Im­bal­ance of foot­prints

Re­source-rich coun­tries re­main poor, and they spend most of their in­come on food. De­vel­oped coun­tries conit­nue to in­crease their ap­petite

Down to Earth - - SPECIAL REPORT -

Opat­terns are UR CON­SUMP­TION mock­ing at Earth’s pre­cious nat­u­ral re­sources. Con­sider this: hu­man­ity’s foot­print al­ready ex­ceeds the planet’s re­gen­er­a­tive ca­pac­ity by 50 per cent. About 85 per cent of the world’s pop­u­la­tion is liv­ing in coun­tries run­ning on a bio­ca­pac­ity deficit. “Grow­ing per capita con­sump­tion cou­pled with de­clin­ing per capita bio­ca­pac­ity amounts to a grow­ing gap be­tween eco­log­i­cal sup­ply and de­mand. This over­shoot be­comes ap­par­ent in the form of cli­mate change, bio­di­ver­sity loss, de­for­esta­tion, soil ero­sion, food scarcity and other prob­lems,” says the Liv­ing Planet Re­port 2014. This year’s World En­vi­ron­ment Day fo­cuses on ‘ Seven Bil­lion Dream. One Planet. Con­sume With Care’. If cur­rent pro­duc­tion and con­sump­tion pat­terns re­main the same, and world pop­u­la­tion touches 9.6 bil­lion by 2050 as ex­pected, we will need three plan­ets to sus­tain our way of life (see ‘Eaten hol­low’, p25).

Hu­man­ity’s eco­log­i­cal foot­print has more than dou­bled since 1961.This growth is largely at­trib­uted to the car­bon foot­print, which has in­creased to com­prise 53 per cent of our foot­print in 2010 from 36 per cent in 1961. Car­bon emis­sions (in par­tic­u­lar) and food de­mand are the ma­jor driv­ers of the es­ca­lat­ing foot­print, says the re­port. On a per capita ba­sis, the coun­tries with the big­gest eco­log­i­cal foot­prints are usa, Sin­ga­pore, Bahrain, Swe­den, Kuwait, Qatar, uae, Den­mark, Trinidad and Tobago and Bel­gium (see ‘Foot­print by coun­try’). The eco­log­i­cal foot­print of the top five coun­tries makes up about half the global to­tal.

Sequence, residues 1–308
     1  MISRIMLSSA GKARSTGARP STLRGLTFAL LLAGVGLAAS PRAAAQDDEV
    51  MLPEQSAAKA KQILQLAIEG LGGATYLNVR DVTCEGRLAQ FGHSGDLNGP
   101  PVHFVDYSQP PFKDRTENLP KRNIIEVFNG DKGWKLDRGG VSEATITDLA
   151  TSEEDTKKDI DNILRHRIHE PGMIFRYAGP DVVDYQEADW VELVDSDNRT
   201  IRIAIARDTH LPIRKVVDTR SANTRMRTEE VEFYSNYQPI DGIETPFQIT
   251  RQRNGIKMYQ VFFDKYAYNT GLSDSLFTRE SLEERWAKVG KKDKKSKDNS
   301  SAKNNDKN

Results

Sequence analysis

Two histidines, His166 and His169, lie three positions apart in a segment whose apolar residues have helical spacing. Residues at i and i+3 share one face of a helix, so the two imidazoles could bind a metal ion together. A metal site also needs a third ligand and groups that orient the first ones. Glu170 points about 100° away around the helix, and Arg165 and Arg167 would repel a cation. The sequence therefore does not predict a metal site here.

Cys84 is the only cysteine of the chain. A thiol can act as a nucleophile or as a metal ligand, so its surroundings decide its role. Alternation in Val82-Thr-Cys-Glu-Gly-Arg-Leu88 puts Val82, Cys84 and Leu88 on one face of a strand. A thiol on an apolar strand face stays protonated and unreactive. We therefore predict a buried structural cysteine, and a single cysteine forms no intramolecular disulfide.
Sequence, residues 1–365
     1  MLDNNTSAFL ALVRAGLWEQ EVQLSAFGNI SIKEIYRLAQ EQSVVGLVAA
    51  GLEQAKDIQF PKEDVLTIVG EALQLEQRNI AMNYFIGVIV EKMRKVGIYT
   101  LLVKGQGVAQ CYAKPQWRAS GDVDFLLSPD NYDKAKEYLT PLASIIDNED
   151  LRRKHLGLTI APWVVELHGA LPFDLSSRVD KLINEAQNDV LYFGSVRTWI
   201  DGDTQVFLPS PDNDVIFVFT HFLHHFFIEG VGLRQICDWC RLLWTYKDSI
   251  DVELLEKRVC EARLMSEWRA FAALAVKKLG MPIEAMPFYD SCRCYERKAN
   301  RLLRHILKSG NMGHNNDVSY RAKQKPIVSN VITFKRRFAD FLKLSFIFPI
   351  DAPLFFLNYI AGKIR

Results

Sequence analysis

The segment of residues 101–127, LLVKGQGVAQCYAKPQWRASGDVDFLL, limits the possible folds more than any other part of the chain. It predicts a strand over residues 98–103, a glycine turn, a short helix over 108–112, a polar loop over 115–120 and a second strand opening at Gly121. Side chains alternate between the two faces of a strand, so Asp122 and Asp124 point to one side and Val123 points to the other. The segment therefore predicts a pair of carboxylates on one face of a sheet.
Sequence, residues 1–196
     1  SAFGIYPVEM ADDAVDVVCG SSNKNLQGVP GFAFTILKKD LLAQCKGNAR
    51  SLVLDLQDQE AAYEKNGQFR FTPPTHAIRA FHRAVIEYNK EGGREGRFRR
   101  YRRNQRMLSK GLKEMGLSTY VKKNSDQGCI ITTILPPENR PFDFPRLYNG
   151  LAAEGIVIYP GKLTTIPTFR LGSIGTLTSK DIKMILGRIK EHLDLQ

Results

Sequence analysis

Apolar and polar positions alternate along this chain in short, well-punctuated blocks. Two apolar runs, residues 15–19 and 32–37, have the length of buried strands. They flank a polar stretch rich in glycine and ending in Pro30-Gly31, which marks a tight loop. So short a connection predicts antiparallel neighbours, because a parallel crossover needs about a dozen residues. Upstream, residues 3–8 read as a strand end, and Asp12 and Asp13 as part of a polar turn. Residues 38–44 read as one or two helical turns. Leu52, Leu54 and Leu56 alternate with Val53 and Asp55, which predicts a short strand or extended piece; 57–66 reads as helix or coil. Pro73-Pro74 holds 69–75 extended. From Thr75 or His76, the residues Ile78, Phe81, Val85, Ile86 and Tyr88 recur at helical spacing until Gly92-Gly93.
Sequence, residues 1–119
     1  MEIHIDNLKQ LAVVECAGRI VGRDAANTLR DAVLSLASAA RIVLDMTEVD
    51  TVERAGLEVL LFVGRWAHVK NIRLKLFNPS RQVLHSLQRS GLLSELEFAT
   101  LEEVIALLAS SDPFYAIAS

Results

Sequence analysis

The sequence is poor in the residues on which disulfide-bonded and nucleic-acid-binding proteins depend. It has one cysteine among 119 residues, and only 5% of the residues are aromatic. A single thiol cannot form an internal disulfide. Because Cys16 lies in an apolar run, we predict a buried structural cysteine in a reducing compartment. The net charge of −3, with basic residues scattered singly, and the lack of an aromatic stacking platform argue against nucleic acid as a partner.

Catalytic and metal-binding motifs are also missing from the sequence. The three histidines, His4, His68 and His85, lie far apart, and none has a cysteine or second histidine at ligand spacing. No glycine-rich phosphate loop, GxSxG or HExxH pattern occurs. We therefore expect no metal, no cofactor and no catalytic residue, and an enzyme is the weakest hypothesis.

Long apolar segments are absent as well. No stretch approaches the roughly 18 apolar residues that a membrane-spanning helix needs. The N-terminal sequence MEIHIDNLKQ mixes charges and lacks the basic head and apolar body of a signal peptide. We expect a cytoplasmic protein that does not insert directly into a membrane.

This global over­shoot means, for ex­am­ple, that we are cut­ting tim­ber more quickly than trees can re-grow and re­leas­ing CO2 faster than na­ture can se­quester it.For more than 40 years, hu­man­ity’s de­mand on na­ture has ex­ceeded what our planet can re­plen­ish. At the same time, ver­te­brate wildlife pop­u­la­tions have de­clined, on av­er­age, by more than half in just 40 years, as mea­sured by the Liv­ing Planet In­dex.

But con­sump­tion pat­terns are rid­dled with ironies. Re­source-rich coun­tries re­main poor, while per capita con­sump­tion among de­vel­oped coun­tries con­tin­ues to steadily grow (see ‘ Con­sump­tion of re­sources...’).

At the same time, de­vel­op­ing coun­tries are spend­ing more of their in­come on food than de­vel­oped coun­tries while also suf­fer­ing high rates of malnutrition (see ‘An­nual in­come spent on food’, p25).

The 2013 Re­source Gov­er­nance In­dex of the Nat­u­ral Re­source Gov­er­nance In­sti­tute, which mea­sures the qual­ity of gov­er­nance in the oil, gas and min­ing sec­tor of 58 coun­tries, found a strik­ing gov­er­nance deficit in nat­u­ral re­source man­age­ment world­wide. Only 11 coun­tries earn an over­all score of above 70.The vast ma­jor­ity of coun­tries ex­hibit se­ri­ous short­com­ings in re­source gov­er­nance. Worse, 32 coun­tries do not meet even ba­sic stan­dards of re­source gov­er­nance, per­form­ing weakly or sim­ply fail­ing.

We are cut­ting tim­ber more quickly than trees can re-grow and re­leas­ing CO2 faster than na­ture can se­quester it

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